De-dollarization would be difficult to achieve due to persisting imbalances of BRICS countries’ respective economic performance. BRICS needs to adjust and collaborate effectively to balance its members’ economic power before further advancing their ambition for de-dollarization. Otherwise, the bloc would become ‘China carrying BRICS,’ not ‘BRICS’ as a bloc which indicates a possibility for the BRICS to establish Yuan as their currency (Reuters, 2016). Nevertheless, the chances of this actually happening are slim, due to the fact that concerned countries have proposed establishing a “BRICS currency” (Sullivan, 2023).
Indonesia’s Interest in De-dollarization to Join “BRICS Plus”
Viewing the de-dollarization enormous benefits, it is no wonder that Indonesia has expressed interest in joining the BRICS format (Ellis, 2022). The “BRICS Plus” could then be established as a forum for additional developing countries joining the BRICS (Dinic, 2022). Even though the discourse about Indonesia joining ‘BRICS Plus’ is a mere proposal, the scheme still holds a stimulating effect as Indonesia can strengthen multilateral relations with other BRICS countries by joining the group. Indonesia needs China the most, which means that joining BRICS could secure its economy regarding infrastructure improvement (Eng, 2017). Considering the discourse about Indonesia joining BRICS, it indicated that Indonesia also has intentions to pursue its own de-dollarization process, just like BRICS.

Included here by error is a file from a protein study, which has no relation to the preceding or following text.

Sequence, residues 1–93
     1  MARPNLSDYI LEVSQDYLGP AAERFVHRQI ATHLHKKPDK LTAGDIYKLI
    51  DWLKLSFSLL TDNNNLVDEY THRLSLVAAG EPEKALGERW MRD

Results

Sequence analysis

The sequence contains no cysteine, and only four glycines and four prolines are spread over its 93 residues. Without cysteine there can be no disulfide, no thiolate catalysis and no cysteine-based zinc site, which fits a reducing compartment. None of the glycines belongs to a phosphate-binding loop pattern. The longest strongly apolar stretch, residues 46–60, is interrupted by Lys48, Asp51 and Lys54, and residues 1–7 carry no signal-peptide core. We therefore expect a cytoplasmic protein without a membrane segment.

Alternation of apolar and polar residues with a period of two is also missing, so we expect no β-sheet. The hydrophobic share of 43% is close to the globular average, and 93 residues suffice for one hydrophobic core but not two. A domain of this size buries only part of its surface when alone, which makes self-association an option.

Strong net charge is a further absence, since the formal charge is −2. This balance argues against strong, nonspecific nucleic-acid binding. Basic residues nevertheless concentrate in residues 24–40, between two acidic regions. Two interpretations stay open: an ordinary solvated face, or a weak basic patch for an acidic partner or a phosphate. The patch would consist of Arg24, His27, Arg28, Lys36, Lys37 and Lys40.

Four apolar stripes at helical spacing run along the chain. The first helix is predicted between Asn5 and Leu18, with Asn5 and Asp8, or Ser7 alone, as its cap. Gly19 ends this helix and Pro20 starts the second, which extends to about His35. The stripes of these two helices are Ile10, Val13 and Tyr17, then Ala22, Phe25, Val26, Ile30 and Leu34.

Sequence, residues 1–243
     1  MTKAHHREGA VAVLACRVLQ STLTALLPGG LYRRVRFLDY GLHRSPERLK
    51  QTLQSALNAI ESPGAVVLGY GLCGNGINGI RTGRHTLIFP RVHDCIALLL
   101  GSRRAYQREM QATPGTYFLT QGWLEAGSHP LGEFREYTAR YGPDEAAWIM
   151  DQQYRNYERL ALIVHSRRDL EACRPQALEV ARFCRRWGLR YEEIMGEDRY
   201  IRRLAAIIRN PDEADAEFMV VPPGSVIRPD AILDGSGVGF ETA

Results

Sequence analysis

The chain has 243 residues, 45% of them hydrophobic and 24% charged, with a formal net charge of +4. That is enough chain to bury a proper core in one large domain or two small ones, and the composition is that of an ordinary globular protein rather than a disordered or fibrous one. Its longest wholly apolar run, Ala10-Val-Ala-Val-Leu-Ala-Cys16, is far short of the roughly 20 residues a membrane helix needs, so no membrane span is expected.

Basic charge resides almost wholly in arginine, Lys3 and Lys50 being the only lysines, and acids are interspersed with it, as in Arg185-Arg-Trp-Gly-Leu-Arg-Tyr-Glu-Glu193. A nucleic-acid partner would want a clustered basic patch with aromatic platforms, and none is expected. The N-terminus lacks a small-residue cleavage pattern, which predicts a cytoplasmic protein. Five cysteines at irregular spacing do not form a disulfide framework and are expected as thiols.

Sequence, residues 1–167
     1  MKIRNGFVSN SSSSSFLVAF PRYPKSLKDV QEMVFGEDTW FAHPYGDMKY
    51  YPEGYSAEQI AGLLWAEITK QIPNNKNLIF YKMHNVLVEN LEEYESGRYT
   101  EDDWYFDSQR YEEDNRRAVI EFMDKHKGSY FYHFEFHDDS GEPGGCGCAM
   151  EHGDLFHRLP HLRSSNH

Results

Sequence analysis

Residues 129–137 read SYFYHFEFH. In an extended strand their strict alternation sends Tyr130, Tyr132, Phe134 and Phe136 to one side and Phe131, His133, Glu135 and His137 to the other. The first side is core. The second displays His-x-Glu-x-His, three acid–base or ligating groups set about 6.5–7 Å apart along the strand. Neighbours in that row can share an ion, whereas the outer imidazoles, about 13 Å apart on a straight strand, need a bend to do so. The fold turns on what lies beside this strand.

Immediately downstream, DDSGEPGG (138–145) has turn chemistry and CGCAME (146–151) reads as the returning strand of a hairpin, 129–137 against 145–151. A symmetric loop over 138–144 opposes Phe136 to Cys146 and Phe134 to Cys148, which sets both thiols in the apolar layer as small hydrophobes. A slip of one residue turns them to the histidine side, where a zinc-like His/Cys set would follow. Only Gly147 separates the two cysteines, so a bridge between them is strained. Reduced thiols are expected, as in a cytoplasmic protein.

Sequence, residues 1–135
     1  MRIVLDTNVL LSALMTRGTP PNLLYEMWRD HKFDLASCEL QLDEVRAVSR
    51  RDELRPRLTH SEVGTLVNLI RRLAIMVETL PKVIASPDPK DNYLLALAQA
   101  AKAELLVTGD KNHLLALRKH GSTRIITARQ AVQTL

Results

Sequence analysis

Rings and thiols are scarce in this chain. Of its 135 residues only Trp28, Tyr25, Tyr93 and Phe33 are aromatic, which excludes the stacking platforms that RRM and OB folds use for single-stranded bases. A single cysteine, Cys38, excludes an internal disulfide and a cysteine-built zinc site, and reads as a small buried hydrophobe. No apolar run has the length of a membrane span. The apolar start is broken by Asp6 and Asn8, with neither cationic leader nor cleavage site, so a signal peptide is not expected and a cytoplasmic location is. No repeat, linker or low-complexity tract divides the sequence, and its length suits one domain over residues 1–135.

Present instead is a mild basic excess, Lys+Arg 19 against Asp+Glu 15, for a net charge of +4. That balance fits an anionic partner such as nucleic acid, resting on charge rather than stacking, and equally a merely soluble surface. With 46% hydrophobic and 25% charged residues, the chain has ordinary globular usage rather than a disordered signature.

Indonesia’s attempt at de-dollarization could be seen from its continuous self-effort with the Central Bank of South Korea by using local currency for trade transaction settlement and investment (Yogatama, 2023). Bank Indonesia (BI) and Bank of Korea Governors signed a Memorandum of Understanding (MoU) to reduce the dependence on USD on 2 May 2023 (Independent Observer, 2023). Realistically speaking, the expansion of BRICS has been in the talk, but no significant developments have happened since 2010. Therefore, the possibility of making ‘BRICS Plus’ is uncertain unless there is clarity from its present members.
To conclude, judging from the bloc’s influence, it is likely for the BRICS countries to persist and emerge in the future which indicates a successful possibility in internationalizing their currencies. In that way, US dominance on trade barriers, tariffs, sanctions, and investment could be minimized together with the currency diversification as the initiation to break the old tradition. However, there is a possibility for the encountered challenge such as the unfavorable political dynamics between the concerning countries in hindering the de-dollarization effort. Indonesia’s practice in de-dollarization could be viewed from its interest in joining ‘BRICS Plus’ together with the effort in establishing the pact with South Korea in reducing the dependence on USD. The de-dollarization attempts by BRICS have been made in an apparent effort despite questioning the time needed for it to be fruitful.